Loco no 11

Loco no 11

Monday, 26 January 2015

A Fowler at Nystrup Gravel

Ever since I first heard about Nystrup Gravel there have been persistent rumours about an early British built diesel loco being owned by the company. I have been digging into the binder with old documents from the gravel company and found proof that Nystrup Gravel did buy a Fowler diesel in 1933. Much indicates that it was a loco Fowler failed to sell to the company that originally ordered it.
A preserved narrow gauge Fowler at the Campbelltown Steam and Machinery Museum in Australia. From plans in the Nystrup Gravel company archive it seems that Nystrup's loco looked very much like this loco. Photo: Chris Miller, 2009.
The Fowler at Nystrup was probably meant for a customer in the tropics using Imperial measurements. The gauge on the loco was in fact 2 feet (610 mm) while Nystrup Gravel used 600 mm gauge. The Fowler was consequently slightly 'over gauged'. I have attached a document from the Nystrup Gravel archive showing that the fact was discussed with a local engineering company. They predicted that the standard of Nystrup's tracks could well accommodate a loco with 610 mm. gauge, although they advised careful running through some of the better point work. There is no indication that the loco ever derailed more than any of the company's other locos. Unfortunately there is no images of the loco in the binder from Nystrup Gravel, although an old news paper clipping shows that the arrival of a diesel loco was noticed by the local press.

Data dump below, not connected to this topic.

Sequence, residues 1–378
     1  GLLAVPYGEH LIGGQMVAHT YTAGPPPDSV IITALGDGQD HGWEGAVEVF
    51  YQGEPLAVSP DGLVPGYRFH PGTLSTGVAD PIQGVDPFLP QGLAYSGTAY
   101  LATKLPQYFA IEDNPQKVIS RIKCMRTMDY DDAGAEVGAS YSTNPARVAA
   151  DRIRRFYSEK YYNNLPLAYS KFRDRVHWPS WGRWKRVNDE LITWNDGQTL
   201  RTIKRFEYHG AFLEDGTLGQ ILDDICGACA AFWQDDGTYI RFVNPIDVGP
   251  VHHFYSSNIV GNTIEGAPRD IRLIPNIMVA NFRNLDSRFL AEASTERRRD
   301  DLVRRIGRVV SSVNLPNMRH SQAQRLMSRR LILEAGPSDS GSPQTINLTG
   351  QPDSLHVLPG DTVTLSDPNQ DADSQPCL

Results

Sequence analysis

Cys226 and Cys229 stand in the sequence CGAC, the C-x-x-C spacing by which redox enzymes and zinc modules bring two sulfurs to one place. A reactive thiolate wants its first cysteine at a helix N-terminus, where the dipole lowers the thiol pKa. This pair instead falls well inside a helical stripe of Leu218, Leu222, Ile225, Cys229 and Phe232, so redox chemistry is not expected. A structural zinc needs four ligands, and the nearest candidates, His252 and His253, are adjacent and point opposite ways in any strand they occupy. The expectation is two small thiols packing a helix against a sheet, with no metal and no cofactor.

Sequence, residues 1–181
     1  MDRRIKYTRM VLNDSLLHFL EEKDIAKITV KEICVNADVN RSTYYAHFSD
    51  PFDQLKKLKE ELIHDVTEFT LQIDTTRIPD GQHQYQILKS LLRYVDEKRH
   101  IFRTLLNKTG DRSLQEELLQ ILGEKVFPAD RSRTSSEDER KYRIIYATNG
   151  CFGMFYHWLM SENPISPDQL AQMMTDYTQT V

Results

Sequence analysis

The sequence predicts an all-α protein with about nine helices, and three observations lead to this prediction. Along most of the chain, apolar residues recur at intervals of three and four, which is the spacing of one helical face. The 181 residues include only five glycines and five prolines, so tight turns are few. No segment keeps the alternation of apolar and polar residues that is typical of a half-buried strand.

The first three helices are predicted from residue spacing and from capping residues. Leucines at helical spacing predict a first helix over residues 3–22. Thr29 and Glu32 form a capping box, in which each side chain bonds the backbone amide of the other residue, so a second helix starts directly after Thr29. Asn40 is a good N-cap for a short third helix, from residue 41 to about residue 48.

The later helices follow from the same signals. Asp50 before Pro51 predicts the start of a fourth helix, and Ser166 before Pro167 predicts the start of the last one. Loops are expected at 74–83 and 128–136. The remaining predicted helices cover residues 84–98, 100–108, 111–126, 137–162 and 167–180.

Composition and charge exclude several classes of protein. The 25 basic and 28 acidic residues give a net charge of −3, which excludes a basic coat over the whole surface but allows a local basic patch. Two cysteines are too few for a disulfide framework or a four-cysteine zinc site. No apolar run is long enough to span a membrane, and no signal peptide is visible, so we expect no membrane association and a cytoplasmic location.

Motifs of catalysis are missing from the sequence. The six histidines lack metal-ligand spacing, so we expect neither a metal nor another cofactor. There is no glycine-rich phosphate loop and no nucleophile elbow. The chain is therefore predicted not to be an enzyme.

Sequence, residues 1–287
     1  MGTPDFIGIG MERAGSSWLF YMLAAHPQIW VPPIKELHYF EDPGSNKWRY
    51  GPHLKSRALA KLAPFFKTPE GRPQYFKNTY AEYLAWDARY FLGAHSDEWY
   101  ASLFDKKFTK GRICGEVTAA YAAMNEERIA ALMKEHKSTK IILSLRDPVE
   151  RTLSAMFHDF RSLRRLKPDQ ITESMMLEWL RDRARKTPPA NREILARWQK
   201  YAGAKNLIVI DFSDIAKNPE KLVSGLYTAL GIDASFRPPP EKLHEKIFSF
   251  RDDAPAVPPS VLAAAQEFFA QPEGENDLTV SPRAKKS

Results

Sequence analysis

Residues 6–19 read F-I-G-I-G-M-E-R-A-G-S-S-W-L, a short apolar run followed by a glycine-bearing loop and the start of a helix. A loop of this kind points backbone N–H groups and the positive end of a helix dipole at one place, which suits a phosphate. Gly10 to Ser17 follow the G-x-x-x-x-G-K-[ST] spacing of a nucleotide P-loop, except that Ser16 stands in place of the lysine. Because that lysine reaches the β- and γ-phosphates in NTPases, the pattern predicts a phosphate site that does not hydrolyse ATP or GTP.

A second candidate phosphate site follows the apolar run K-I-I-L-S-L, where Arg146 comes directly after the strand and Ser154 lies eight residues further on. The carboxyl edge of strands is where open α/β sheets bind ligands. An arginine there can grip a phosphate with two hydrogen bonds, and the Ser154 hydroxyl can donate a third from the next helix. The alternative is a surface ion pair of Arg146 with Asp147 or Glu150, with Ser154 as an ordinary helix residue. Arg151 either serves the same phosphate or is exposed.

In Denmark only three other Fowlers are known. Despite a lot of marketing to open up a new market in Denmark, Fowler only succeeded in selling a six coupled 700 mm gauge loco to a sugar factory in 1948 and two standard gauge shunters in 1952 to a railway in northern Jutland.

One of many adverts sent to Nystrup Gravel from Fowler to promote their products. Read about the history of John Fowler & Co, Leeds here.

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